It’s season finale was more than six weeks ago. It got the green light for renewal a month ago. But I’m still going to talk about it.
Gossip Girl is by far the worst piece of crap I watch. The fact that it is a teen soap means it’s kind of a given that it’s nothing amazing, but this show exceeds all realms of high school/college drama lameness.
It’s been on for five long seasons and looong and painful have they been. I want it to end so bad because I don’t want to watch it anymore, but for some reason I have to see it through to the terrible end.
(I just thought of a teeny tiny peg: Queen B herself, Leighton Meester, is in a movie that just came out! That’s My Boy with Adam Sandler and Andy Samberg. Now I feel better).
What makes me hate this show so much is that it’s clear that no one involved in it cares about it anymore. They repeat plotlines over and over. They let interesting moments go by the wayside. Characters literally disappear from the show. (I’m pretty sure Eric is in Tanzania). They introduce relationships that go against everything characters stand for (Blair Waldorf and Lonely Boy, really? Has Dan Humphrey’s hair gone viral and burrowed into the brains of the writers? That would make an amazing Halloween episode by the way. Just saying, writers, I’m available if you need ideas.)
What I hate the most is how they hurry through story lines so fast. I know the characters lives are scandalous, but sometimes scandal lasts a little longer than a three-episode arc.
I know I could stop watching any time, but for some reason I can’t take my eyes away from the incoming train wreck, even though I know exactly how the train wreck is going to happen because the stories are so predictable. Sure, they throw in a surprise twist every now and then, but it always ends up falling flat. There was a time when Gossip Girl was good and a part of me is always hopeful it will return to its former glory, when Rufus will have re-grown a pair, when Lily will be quippy and bitchy, when Blair will be powerful and mighty again, when Chace Crawford‘s character will be well-rounded – oh wait, he never had a character, he was just the hair.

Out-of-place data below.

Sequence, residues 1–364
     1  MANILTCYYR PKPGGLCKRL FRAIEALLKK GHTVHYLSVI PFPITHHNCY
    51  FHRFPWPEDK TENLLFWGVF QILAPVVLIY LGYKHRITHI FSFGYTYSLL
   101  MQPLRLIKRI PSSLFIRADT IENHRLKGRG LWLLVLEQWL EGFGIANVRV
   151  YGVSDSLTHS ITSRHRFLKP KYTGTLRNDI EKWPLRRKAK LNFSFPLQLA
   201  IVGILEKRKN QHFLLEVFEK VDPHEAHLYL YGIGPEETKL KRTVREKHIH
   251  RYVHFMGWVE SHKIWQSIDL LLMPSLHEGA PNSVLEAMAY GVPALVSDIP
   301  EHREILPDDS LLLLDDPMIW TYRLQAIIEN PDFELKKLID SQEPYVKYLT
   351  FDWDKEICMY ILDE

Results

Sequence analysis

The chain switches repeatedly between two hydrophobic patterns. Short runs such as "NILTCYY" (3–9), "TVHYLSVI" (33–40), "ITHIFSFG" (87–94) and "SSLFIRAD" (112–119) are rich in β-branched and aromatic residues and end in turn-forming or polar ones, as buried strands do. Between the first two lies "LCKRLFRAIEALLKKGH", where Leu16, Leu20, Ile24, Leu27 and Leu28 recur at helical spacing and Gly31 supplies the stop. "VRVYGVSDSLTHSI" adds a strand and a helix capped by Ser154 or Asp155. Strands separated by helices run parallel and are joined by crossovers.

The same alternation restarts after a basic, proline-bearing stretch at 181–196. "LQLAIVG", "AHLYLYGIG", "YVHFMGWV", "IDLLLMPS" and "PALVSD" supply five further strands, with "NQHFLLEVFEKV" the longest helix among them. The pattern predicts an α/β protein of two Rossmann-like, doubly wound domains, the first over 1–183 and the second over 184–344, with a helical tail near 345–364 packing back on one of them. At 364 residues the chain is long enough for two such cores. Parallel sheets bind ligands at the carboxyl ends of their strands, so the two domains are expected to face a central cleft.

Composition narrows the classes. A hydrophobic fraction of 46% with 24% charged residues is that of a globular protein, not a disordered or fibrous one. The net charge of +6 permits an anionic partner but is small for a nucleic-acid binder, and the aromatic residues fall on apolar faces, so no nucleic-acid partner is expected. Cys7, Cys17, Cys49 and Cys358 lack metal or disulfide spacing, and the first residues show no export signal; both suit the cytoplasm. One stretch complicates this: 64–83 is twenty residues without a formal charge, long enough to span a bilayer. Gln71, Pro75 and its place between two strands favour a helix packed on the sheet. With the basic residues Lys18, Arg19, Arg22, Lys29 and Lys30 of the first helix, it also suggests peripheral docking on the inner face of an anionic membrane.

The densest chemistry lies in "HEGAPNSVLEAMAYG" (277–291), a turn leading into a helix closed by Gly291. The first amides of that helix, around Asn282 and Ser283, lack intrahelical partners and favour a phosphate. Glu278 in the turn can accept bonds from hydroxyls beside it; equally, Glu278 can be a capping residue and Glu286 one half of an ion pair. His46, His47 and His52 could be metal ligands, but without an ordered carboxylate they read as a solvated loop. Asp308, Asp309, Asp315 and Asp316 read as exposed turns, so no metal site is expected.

So with the announcement that next season will be the last for the Upper East Siders, all I can say is hallelujah, soon my Monday nights will be free, and also, I will miss you Gossip Girl. Kristen Bell better make an appearance before the show ends.
By the way, if you were wondering, Penn Badgley, that actor who plays dumb Dan Humphrey looks even more like a homeless man since he grew a beard. What a treasure.
What show(s) do you hate-watch?
Oh God. This seems like a bit much.
A FOX press release says that the cast of New Girl are hitting the road this summer on a True American Bus Tour. They’ll be making public appearances in a bunch of American cities including Atlanta, Chicago, Dallas and San Francisco.
They’ll be traveling in style on the party school bus that Jess threw Schmidt’s birthday on last season.
“Stop by the bus to party like a ‘True American,’ ” the release says, “watch exclusive videos and receive a grab bag of cool New Girl gifts, including your very own pair of Jess’ signature eyeglasses. Plus, create your own New Girl T-shirt with logos and catchphrases from the show.
“Fans and their friends can reenact the show’s opening theme song segment in a one-of-a-kind photo which they can share on their social media sites. Visitors also can play “douchebag jar” pong for additional prizes, all while snacking on Jess’ famous cupcakes!”
Maybe there will also be a game or two of True American?
I don’t understand the fan frenzy that has overtaken this show. It’s really all very ridiculous – oh my God they’re coming to Seattle August 31 – September 3! Road trip! I want a ‘Schmidt Happens’ T-shirt!
For now enjoy this amazing video of Zooey Deschanel, Max Greenfield, Jake Johnson, Lamorne Morris and Hannah Simone as they dance and laugh and pose for the season 2 promotional shoot.